(NC)—Make sure you practice proper tire inflation techniques this winter or you could find yourself calling a tow truck, or worse, an ambulance.
Since the air pressure in tires supports 95 per cent of the weight of your car, it’s absolutely imperative that you inflate your tires to just the right pressure, especially in winter when tires lose their pressure faster in colder weather. Under-inflating or over- inflating your tires increases your fuel consumption and therefore your costs and increases the risk of damage and injury to you, your passengers and your vehicle.
Follow these tips from Transport Canada for maintaining proper winter tire pressure:
• Measure your tire pressure at least once a month;
• Measure the pressure when the tires are cold (after two hours or two kilometres of driving). Tires lose pressure when the air temperature gets colder (about one pound per square inch (seven kilopascals) for every 5°C drop in temperature). Tires may also lose a certain amount of pressure due to their permeability (about two PSI or 14 kPa per month);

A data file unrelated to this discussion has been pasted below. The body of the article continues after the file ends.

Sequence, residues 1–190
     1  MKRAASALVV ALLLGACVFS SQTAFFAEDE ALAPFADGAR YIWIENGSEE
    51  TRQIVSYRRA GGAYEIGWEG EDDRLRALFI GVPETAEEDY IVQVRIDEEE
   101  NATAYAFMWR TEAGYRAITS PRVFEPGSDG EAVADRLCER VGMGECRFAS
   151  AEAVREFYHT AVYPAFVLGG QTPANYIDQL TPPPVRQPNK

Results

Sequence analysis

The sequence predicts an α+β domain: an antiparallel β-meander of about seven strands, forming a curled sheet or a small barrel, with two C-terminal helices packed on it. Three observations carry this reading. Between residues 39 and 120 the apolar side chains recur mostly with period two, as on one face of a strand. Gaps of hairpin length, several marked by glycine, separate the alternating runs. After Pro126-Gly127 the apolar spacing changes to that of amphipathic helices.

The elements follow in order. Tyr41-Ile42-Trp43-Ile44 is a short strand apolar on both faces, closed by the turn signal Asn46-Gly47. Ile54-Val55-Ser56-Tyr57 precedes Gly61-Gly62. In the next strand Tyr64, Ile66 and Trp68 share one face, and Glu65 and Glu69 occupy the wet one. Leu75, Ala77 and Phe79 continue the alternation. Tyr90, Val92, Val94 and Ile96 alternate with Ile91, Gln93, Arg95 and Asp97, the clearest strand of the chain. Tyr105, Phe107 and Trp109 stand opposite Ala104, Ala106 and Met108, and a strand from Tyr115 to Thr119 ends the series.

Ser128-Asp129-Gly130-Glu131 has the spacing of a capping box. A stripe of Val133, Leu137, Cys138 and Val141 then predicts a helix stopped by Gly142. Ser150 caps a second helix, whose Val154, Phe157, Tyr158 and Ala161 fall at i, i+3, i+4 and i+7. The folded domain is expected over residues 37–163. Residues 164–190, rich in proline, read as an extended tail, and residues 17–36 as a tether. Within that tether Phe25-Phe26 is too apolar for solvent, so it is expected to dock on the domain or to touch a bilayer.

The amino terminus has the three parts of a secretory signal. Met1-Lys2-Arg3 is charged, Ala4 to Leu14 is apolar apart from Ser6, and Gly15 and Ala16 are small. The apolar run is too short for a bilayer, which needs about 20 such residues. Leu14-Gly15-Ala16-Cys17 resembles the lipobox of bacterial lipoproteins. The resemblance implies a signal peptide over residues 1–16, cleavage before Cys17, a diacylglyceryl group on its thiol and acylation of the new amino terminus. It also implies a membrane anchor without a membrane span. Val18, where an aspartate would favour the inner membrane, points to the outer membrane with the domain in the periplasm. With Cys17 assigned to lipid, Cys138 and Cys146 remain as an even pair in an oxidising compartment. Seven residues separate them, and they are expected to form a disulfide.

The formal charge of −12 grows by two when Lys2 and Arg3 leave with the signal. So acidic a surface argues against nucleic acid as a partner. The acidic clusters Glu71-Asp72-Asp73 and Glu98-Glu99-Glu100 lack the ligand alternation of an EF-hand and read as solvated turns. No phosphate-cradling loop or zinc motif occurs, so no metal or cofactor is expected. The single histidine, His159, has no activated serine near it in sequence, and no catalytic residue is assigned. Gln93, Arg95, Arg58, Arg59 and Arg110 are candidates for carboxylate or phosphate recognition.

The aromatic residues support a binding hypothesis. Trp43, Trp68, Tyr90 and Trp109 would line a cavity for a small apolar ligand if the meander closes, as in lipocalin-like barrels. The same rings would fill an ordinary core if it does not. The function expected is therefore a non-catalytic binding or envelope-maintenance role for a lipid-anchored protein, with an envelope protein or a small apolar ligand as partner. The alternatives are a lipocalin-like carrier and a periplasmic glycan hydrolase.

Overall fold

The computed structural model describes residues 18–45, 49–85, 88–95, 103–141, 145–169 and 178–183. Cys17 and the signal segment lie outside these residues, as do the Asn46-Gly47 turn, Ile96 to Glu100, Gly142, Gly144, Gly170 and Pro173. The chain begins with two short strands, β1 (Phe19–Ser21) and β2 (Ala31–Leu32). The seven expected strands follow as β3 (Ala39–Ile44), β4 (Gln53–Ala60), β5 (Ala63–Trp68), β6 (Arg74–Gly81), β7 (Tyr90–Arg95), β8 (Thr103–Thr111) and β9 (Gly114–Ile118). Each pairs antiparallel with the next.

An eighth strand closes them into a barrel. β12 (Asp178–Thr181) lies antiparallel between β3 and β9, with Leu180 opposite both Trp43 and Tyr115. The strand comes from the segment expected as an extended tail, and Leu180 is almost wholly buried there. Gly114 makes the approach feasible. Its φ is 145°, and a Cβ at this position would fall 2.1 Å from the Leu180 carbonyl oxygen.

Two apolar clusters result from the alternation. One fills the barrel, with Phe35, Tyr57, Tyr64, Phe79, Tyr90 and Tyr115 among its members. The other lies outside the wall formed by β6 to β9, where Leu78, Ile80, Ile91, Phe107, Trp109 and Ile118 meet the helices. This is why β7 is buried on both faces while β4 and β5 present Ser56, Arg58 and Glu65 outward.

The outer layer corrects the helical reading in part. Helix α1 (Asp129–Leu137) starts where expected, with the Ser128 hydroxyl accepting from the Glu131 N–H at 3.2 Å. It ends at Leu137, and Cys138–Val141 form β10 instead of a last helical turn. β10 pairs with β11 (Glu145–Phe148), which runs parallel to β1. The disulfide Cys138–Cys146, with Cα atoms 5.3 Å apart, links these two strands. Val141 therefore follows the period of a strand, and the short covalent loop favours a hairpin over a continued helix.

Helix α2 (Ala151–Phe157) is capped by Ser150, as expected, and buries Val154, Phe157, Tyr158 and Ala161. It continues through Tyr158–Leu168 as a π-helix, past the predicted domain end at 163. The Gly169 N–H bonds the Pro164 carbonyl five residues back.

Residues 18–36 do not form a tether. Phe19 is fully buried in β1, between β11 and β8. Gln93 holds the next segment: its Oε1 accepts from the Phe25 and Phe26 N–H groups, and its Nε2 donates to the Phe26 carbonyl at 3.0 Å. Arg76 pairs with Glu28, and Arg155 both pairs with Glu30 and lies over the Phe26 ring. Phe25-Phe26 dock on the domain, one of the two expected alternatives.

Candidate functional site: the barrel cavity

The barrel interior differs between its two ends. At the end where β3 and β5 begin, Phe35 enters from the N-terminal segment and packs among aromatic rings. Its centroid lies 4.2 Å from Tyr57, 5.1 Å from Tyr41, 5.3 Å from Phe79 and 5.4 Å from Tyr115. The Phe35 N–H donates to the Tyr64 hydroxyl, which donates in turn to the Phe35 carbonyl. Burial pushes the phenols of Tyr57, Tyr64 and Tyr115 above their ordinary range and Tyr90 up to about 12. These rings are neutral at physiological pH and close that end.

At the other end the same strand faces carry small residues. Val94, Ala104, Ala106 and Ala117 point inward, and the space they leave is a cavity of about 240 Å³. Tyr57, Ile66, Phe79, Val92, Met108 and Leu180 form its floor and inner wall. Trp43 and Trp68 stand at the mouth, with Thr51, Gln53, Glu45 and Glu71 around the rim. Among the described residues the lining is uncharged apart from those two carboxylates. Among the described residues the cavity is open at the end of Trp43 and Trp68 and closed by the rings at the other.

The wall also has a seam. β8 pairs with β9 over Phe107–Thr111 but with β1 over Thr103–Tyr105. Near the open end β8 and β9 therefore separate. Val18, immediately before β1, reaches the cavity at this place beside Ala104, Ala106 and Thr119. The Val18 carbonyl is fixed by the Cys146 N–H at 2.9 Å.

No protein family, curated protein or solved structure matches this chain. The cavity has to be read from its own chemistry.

• Inflate your tires to the recommended pressures printed on the label inside your car door or in your owner’s manual;
• Use a high quality pressure gauge such as those sold at automotive supply stores;
• Under-inflation increases rolling resistance, which reduces tread life and increases fuel consumption. It can also lead to sudden tire failure. Without enough air, the sides of a tire bend and flex too much. This builds up heat, which can cause serious damag.
• Operating a vehicle with just one tire underinflated by eight psi (56 kPA) can reduce the life of the tire by 15,000 km and can increase the vehicle’s fuel consumption by four per cent;
• Over-inflation can be a problem, too. An over-inflated tire rides on just the centre portion of the tread. The smaller contact area means reduced grip on the road, leading to a harsh ride, handling issues (such as steering and stopping problems) and increased wear on tires and suspension components;
Read more tire safety and maintenance on the Transport Canada website at www.tc.gc.ca/roadsafety/tp/tp2823/inflating.htm.
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